I want to have a huge, positive impact on the world through international development and to do so requires a large amount of money. This is at the top of my mind every day and has been sitting there for about two years.
When I was devoting a vast majority of my energy to Engineers Without Borders from mid 2008 through 2010, my view on the world changed completely. Before EWB, I would have been content with a comfortable life where I was able to travel a lot and have some fun. I could work for a great employer, produce at a high level, get paid a lot, and do the things I wanted on nights and weekends.
EWB killed this former dream life for me. I am certain that I would no longer be content with such a life.
After my first trip to Orongo, Kenya and seeing all of the challenges people have to go through every single day, I returned home grateful for running water. For a full year after that first trip I would think about how lucky I am to have running water every time I turned on a faucet.
On my second trip I was given a grand tour of Kibera by one of its residents. Kibera is one of the largest slums in the world and I was walking through it shortly after it had rained. Walking through this town was excruciatingly difficult because all roads and pathways were dirt and because many of these pathways were steep and it had rained, it was really tough walking around. I remember Cartoon (my friend in Kibera) reaching down and extending me a hand to help me climb various pathways. Not surprisingly, I thought about Kibera at least once a day for the entire calendar year of 2009.
By the fourth time I traveled to Orongo, Kenya I realized how much I loved doing this International Development work. Every day I was using my knowledge, connections, and hustle to make the most change I could in this charming little community. Despite loving this work, I realized how many parts of this system were broken. I don't mean to say EWB or other NGOs are bad, but the entire state of International Development could use a heap of improvement. Because of this, I would not be content being a cog in this big International Development machine where I would likely have very little meaningful impact over a lifetime of hard work.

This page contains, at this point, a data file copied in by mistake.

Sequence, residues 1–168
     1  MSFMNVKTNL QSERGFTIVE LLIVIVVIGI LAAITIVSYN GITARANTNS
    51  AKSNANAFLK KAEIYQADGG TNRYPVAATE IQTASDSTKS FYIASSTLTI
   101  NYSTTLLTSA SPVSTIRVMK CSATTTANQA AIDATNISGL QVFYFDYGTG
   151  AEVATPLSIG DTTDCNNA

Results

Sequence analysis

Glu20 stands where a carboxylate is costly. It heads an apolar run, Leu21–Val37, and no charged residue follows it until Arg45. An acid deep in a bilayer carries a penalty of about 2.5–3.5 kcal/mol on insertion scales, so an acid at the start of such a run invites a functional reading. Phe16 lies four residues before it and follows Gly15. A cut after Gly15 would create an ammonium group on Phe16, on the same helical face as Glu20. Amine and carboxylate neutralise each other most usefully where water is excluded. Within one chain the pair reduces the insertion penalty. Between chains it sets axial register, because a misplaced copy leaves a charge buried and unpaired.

At this point, because I was no longer content with a simple software developer's life and I would not be content working for an NGO in this International Development space, the path to reaching my dreams started to become somewhat clear. I would have to do something that gave me a chance to make a huge amount of money which I could then use to instill my own vision into the International Development scene.
I like to think of this as the Bill Gates model of doing good in the world. Step 1 is to make a lot of money, and step 2 is to use the money to do something incredible. Gates is doing far more than just donating his money to charity. He is aggressively attacking the world's problems with the same gusto that he used to build Microsoft by defining his own well-rounded initiatives and finding the right partners to carry out his vision. He's crushing it. He is not conforming to standard NGO models, and is willing to disrupt this space and do whatever it takes to improve the world. And for that he's my idol.
While it's unrealistic to expect to make an amount of money and impact on the same order of magnitude that Gates did, this general model for living my life is well within the realm of possibility. This is what gets me fired up every morning. And more importantly, it's what keeps me going at full speed when things look bleak.